Two local Native American tribes, the Shoshone-Bannock and Nez Percé, had been outspoken about the need for a change. In a position paper, the Shoshone-Bannock tribe says that “the continued use of the name would only honor the non-Indian ideology created by dominant mainstream society, whose ancestors killed, sold, removed the original Indian residents. We do not have a name for r-dskin in our language. The origin of the name r-dskin refers to the name colonists made up. These names clearly delineated Indian people as a separate race of people who had no civil rights under the U.S. Constitution or the Bill of Rights.”
Seems like enough people in the Teton High School district understood that Native American logos and dances used by schools, colleges, and professional teams are inaccurate descriptions of Native American rituals, costumes, and religions. Native American mascots and names are cultural appropriation used by the dominant culture to exploit, stereotype, and discriminate.
The Boise High School District will also delete a Native America name and imagery, dropping “Braves” in favor of “Brave.” District spokesperson Dan Hollar stated, "So it's no longer associated with a Native American imagery. Rather than a caricature, the mascot is a character trait." The school had been called the “Braves” since the 1920s.
The state legislature is considering a bill that would ban the use of Native American logos and names in public schools. About three dozen schools in the state use Native American names and logos.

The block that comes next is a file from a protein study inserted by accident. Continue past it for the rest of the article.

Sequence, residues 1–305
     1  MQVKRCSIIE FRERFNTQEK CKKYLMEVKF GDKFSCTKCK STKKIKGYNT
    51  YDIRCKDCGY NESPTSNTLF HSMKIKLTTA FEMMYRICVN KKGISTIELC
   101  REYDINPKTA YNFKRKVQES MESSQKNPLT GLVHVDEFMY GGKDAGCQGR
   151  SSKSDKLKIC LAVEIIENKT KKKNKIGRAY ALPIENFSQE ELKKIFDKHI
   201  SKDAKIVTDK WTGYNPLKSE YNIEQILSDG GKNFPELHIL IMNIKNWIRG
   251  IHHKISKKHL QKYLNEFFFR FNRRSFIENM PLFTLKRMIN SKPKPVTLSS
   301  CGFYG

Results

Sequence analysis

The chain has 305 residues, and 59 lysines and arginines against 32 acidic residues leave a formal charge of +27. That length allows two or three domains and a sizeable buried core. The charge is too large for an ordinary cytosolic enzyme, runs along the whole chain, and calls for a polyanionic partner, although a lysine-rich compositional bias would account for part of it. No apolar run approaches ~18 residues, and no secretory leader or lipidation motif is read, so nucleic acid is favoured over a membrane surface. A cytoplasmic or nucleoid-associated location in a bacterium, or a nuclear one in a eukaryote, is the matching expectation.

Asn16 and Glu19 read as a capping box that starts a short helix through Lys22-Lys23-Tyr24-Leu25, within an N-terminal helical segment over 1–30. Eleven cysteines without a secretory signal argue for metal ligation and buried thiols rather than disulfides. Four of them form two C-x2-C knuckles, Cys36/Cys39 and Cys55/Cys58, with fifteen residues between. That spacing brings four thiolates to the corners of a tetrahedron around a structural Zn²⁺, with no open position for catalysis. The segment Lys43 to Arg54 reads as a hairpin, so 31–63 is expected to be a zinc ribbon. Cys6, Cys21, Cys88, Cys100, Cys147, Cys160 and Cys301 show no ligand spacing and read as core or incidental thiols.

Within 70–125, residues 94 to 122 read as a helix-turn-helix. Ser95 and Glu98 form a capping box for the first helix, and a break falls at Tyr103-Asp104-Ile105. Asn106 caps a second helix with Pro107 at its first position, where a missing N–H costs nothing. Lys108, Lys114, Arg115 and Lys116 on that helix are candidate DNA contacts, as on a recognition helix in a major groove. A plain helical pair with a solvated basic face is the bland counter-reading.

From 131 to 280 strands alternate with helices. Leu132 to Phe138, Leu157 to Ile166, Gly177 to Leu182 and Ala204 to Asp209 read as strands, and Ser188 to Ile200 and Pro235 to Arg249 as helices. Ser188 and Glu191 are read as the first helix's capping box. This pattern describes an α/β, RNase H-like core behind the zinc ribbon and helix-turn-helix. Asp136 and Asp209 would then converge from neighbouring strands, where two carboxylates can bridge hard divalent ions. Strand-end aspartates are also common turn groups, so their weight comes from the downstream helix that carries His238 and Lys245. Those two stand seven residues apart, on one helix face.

In Braintee, public schools use the names “Wamps” which is short hand for the tribal name Wampatuk. Tribal representatives do not regard a nickname as honoring their tribe or traditions.
Not all school officials are on board with banning Native American mascots. Brian Lynch, who leads the Middleborough school district said “Middleboro has always treated the Sachem name with honor and respect.” Sachem is derived from an Algonquin word that means “chief.” Hopefully, the process of education and dialogue will lead to a softening of the opposition and the dropping of Native American mascots.
A push by students led to the retirement of “Indians” in favor of “Redhawks” at the Manchester school district. In 2018, the students conducted a survey which found that most students in the high school favored a name change.
“We’re proud of the students for all their work,” Superintendent Matthew Geary said. “The kids did the research, they presented a thoughtful, cohesive argument to the Board of Education. Our community is evolving. The school system is committed to working on equity, the town is working on equity, so in a lot of ways this is a long time coming.”
Similarly, Killingly High School Redmen symbols will be retired. The school district consulted the Nipmuc Tribal Council, which said that the name was not appropriate. In a letter, the Chairman of the tribe, Kenneth Gould Sr., maintained, “Native American mascots, often portrayed as caricatures or cartoons, are demeaning to Native Americans and it is our opinion that they should not be used. We do not feel it is appropriate for our culture to be appropriated in this way, or that we should be represented in this way.”
Progress still needs to be made. About 20 other Connecticut high schools still use Native American names and logos.